Jeroen: Yeah. That sounds like the best way to go about it. Final question. What's the best piece of business advice you ever got? Something you can share with other people on the podcast?
Laura: One piece of advice that I always remember is: people don't fail, systems do. And that means whenever you have a human failure in your business, which happens to all of us, right? Instead of jumping to, which we often do, why did that person mess up? Do they not care? Are they not focused? Do they not have the skills? You first should always, always look at what was the system that failed behind this.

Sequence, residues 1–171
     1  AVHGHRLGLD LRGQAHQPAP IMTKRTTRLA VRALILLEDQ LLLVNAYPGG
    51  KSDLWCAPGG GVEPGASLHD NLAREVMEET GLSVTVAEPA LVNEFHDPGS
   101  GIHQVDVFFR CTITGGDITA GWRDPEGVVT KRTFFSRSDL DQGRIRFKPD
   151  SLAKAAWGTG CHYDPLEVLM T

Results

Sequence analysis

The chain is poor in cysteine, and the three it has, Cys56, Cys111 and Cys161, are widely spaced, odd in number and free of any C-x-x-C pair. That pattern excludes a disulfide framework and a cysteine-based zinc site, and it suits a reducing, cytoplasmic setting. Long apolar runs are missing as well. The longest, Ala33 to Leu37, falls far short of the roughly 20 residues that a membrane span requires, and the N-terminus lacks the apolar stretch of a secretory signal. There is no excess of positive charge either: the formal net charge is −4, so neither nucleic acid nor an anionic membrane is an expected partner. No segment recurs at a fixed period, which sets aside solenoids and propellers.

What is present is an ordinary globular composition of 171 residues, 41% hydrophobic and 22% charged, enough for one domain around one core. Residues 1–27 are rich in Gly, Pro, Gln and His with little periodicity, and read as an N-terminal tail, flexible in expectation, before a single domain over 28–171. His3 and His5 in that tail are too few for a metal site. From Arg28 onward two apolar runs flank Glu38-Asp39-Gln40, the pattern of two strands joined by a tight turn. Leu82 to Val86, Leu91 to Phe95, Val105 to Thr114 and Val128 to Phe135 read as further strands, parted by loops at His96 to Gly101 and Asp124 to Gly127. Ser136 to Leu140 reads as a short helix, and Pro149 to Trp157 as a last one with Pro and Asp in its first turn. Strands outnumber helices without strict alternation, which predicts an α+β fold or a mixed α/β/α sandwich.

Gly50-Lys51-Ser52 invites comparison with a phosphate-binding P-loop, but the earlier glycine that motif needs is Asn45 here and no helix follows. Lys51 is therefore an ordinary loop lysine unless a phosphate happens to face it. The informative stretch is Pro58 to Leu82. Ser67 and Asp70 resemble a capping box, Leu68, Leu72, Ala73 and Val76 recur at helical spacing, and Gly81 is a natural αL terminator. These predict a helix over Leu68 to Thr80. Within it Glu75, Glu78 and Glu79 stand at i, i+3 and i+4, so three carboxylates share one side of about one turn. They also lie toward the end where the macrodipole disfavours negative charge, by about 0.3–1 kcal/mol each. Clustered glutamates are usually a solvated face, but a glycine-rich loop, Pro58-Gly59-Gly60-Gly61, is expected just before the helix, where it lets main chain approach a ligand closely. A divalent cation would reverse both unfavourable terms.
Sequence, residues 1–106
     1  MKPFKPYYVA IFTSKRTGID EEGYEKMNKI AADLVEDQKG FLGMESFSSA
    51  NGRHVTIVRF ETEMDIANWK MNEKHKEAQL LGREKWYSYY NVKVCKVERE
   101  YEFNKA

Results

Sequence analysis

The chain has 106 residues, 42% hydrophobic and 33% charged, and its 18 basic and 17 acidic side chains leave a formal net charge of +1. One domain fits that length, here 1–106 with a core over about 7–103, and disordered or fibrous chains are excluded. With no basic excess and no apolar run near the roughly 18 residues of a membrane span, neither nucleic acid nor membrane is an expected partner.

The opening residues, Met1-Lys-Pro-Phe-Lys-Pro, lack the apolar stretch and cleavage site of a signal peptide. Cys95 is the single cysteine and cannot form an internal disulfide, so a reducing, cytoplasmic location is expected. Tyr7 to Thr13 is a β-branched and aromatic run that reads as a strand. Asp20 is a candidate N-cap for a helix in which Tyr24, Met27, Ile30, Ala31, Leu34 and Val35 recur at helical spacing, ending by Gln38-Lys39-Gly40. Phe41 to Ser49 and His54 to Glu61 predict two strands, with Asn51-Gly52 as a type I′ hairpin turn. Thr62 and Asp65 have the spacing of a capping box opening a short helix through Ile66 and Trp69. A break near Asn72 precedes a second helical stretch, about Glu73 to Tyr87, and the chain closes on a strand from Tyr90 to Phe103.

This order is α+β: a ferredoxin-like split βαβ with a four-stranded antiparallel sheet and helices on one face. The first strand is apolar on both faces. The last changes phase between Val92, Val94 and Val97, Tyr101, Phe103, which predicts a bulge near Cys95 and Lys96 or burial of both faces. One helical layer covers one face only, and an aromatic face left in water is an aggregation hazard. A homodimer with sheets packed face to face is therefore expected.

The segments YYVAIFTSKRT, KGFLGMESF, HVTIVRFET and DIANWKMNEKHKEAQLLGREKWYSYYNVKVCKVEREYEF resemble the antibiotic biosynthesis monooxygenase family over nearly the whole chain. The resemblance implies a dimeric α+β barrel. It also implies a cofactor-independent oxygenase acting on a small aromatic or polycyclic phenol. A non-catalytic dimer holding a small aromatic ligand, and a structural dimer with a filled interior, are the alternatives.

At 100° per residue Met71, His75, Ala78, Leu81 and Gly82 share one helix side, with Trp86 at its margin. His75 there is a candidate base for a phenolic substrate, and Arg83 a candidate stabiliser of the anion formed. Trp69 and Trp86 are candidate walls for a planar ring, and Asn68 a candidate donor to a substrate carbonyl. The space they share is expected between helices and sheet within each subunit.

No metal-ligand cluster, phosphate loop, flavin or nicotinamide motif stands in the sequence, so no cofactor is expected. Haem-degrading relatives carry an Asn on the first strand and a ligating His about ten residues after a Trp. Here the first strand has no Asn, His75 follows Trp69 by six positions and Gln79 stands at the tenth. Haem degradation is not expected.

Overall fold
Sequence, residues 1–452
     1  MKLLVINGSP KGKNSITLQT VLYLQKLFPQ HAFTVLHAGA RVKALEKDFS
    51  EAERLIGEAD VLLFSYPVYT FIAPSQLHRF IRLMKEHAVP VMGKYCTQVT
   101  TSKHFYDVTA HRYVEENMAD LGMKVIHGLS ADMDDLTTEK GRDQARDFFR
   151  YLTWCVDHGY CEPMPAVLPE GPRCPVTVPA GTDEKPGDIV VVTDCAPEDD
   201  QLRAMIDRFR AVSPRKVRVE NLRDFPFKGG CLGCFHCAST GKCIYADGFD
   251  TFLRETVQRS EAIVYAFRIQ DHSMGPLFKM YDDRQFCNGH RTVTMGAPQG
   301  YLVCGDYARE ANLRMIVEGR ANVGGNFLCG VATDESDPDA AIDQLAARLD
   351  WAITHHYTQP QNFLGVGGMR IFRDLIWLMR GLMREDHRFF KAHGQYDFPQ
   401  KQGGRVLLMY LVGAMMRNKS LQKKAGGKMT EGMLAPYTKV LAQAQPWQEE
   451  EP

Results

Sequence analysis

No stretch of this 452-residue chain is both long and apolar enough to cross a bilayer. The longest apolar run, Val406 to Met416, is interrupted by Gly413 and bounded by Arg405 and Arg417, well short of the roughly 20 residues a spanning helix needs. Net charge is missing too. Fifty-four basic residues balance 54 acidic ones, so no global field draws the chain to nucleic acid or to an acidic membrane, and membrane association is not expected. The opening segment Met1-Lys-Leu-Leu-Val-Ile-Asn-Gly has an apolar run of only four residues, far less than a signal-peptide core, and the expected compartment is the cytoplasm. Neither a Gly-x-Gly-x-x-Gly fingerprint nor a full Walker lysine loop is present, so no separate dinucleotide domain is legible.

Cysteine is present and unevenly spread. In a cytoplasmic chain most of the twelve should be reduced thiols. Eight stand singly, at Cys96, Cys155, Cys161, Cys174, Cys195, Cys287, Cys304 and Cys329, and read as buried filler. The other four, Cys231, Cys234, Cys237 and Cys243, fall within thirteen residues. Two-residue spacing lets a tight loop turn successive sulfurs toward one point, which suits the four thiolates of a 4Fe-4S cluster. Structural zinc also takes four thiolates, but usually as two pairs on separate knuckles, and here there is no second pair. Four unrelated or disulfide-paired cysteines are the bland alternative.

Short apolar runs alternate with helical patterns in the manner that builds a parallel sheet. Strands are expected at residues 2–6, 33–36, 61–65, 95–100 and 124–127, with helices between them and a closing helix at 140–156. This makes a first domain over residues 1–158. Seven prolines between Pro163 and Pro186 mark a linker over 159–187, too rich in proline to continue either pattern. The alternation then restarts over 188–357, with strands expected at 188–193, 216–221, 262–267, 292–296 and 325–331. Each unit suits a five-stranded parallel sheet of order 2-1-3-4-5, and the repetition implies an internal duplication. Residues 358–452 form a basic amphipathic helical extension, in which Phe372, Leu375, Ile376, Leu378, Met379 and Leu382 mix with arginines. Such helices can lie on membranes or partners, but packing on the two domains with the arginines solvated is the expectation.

Laura: So it's like, did we not have someone else checking that, that should have been? Did we not use the correct tool that would have worked better for us? It's almost never the case of like, oh, well, they just did it wrong just to spite you. People usually think they're making the right move at the time. So looking into what were the systems, either implicit or explicit, that were in place to allow this mistake to happen, is what you should be doing.
Jeroen: Cool, that's a really good advice. Thank you again, Laura, for being on Founder Coffee. It was really great to have you.
Laura: Yeah. Thank you.